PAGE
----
Set against an exotic backdrop of pyramids, the Nile, and a great Sphinx, Georges Méliès' The Monster (Le Monstre) seems, at first glance, to be a typical Méliès magic film in which a bearded magician demonstrates a series of tricks with an animated skeleton in front of a single well-dressed spectator. The effects are similar to those used in Melies films ranging from The Vanishing Lady (1896) to The Infernal Cauldron (1903), and in many ways this is a rare instance of a Méliès film in which the magic tricks are actually upstaged by the elaborate scenic backdrop.
There might be a bit more to The Monster than a series of one-after-another cinema tricks, however. The entry for the film in the IMDB includes a surprisingly detailed summary taken from a 1903 Lubin Catalog. This summary closely matches the synopsis for the film in John Frazer's Artificially Arranged Scenes. According to the synopsis:
"An Egyptian prince has lost his beloved wife and he has sought a dervish who dwells at the base of the sphinx. The prince promises him a vast fortune if the dervish will only give him the opportunity of gazing once more upon the features of his wife. The dervish accepts the offer. He brings in from a neighboring tomb the receptacle containing the remains of the princess. He opens it and removes the skeleton, which he places upon the ground close beside him. Then, turning to the moon and raising his arms outstretched toward it, he invokes the moon to give back life to her who is no more. The skeleton begins to move about, becomes animated, and arises. The dervish puts it upon a bench and covers it with a white linen; a masque conceals its ghostly face. At a second invocation the skeleton begins again to move, arises, and performs a weird dance. In performing its contortions it partly disappears in the ground. While performing its feats it increases gradually in size, its neck assuming enormous proportions, much to the horror of the prince, who fails to see in this grotesque character the wife whom he has lost. The dance ceases. The dervish throws a veil over the hideous creature. Then appear the real princess as she was when her husband possessed her. The prince darts forward to take her into his arms to give her a last kiss, but the dervish stops him, wraps the young lady in the veil and throws her into the arms of the prince. When he removes the veil he finds only the skeleton of his former wife. The vision has disappeared, and the princess has returned to dust. The dervish withdraws, and the prince pursues him with his threats and curses."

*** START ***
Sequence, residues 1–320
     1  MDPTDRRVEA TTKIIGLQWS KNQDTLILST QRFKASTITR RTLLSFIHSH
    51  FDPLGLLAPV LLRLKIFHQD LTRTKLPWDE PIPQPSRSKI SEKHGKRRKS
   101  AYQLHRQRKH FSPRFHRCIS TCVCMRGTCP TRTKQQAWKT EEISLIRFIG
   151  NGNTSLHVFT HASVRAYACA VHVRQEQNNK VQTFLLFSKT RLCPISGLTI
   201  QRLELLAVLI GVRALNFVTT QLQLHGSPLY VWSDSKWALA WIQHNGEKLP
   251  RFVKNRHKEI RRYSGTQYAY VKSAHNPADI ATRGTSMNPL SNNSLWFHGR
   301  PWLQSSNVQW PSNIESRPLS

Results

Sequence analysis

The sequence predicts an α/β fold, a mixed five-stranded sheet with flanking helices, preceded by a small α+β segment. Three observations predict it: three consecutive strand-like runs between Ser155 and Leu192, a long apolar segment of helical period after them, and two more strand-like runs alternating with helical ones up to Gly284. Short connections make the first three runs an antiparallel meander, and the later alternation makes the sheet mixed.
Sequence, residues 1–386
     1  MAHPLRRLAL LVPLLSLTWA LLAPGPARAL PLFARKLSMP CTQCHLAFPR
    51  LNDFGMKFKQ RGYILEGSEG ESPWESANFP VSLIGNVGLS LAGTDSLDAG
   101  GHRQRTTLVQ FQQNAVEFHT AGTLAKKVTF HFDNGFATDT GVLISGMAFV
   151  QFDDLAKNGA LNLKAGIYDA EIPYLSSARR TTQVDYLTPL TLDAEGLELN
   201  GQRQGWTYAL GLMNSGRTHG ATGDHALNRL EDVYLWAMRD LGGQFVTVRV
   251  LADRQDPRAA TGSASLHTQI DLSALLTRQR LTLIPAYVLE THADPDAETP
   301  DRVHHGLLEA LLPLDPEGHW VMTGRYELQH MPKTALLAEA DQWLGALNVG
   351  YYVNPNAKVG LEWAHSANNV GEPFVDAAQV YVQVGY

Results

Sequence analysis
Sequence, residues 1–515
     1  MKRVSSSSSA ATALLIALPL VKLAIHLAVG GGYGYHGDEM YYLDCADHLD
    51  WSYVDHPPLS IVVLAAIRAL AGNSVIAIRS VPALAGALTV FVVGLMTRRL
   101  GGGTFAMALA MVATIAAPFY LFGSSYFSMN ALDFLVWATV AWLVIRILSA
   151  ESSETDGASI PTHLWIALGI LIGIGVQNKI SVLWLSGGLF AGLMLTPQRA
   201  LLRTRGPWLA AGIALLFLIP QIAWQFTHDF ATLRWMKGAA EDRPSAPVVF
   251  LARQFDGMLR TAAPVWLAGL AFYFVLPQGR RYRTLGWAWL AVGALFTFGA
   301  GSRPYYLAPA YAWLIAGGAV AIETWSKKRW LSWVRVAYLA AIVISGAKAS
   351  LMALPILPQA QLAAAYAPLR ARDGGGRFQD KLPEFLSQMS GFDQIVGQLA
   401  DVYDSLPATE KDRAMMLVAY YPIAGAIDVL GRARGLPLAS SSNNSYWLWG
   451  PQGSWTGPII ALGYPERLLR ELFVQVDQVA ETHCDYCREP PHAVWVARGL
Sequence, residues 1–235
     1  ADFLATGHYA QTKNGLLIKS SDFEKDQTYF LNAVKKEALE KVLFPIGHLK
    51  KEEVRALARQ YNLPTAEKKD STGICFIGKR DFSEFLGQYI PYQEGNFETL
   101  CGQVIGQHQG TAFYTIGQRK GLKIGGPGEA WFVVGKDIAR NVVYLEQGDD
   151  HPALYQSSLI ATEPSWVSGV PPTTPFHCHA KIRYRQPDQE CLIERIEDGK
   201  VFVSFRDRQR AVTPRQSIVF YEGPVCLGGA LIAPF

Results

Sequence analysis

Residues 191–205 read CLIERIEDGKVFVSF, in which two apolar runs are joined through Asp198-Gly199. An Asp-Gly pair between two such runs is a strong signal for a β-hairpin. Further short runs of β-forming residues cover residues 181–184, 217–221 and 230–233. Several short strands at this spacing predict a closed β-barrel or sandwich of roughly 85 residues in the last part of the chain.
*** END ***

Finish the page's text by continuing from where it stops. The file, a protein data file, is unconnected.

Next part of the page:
If The Monster's magician is actually a dervish, the spectator is actually a prince, and the skeleton/specter/maiden is actually the prince's deceased wife, then the ending of the film is surprisingly disturbing for a Méliès film. It's one thing to toss a skeleton to someone as part of a magic trick, but to toss someone the skeleton of their diseased spouse is just cruel. Considering the specific details that Frazer lists in his summary, it seems possible that Méliès' film was inspired by a previous story or folktale. By the time he filmed The Monster, Méliès had already made a version of The Temptation of Saint Anthony (1898), and adapted the tale of Bluebeard (1901). The elaborate near-epic production of Kingdom of the Fairies (1903) was probably started before work on The Monster began. The details and plot of The Monster would not seem out of place in the sort of fairy tales that the Brothers Grimm had popularized or in other folk tales from around the world. But "The Monster" is not a common name for a specific tale, and if there's a folk tale or fairy tale that features a Dervish, the Nile, and a Prince's departed wife, it's probably an extremely obscure story.
It's also possible that the details in the Lubin Catalog synopsis were embellisments to the completed film, possibly written by someone who had no role in the film's production.
The music for this video is from Louis Ganne's "Extase" ("Ecstacy") performend by the Tollefsen Trio. The unedited 24-bit wav file that was used for this video was captured from a 1911 wax cylinder recording as part of the Cylinder Preservation and Digitization Project at the University of California, Santa Barbara. Loiuis Ganne (1862-1923) was a French composer who was active between 1897-1901. This music is not related to the Méliès film, but seems to be a reasonably appropriate match to the tone and style of this Méliès film.
Artificially Arranged Scenes: The Films of George Melies (John Frazer, 1979, G.K. Hall & Co., Boston).
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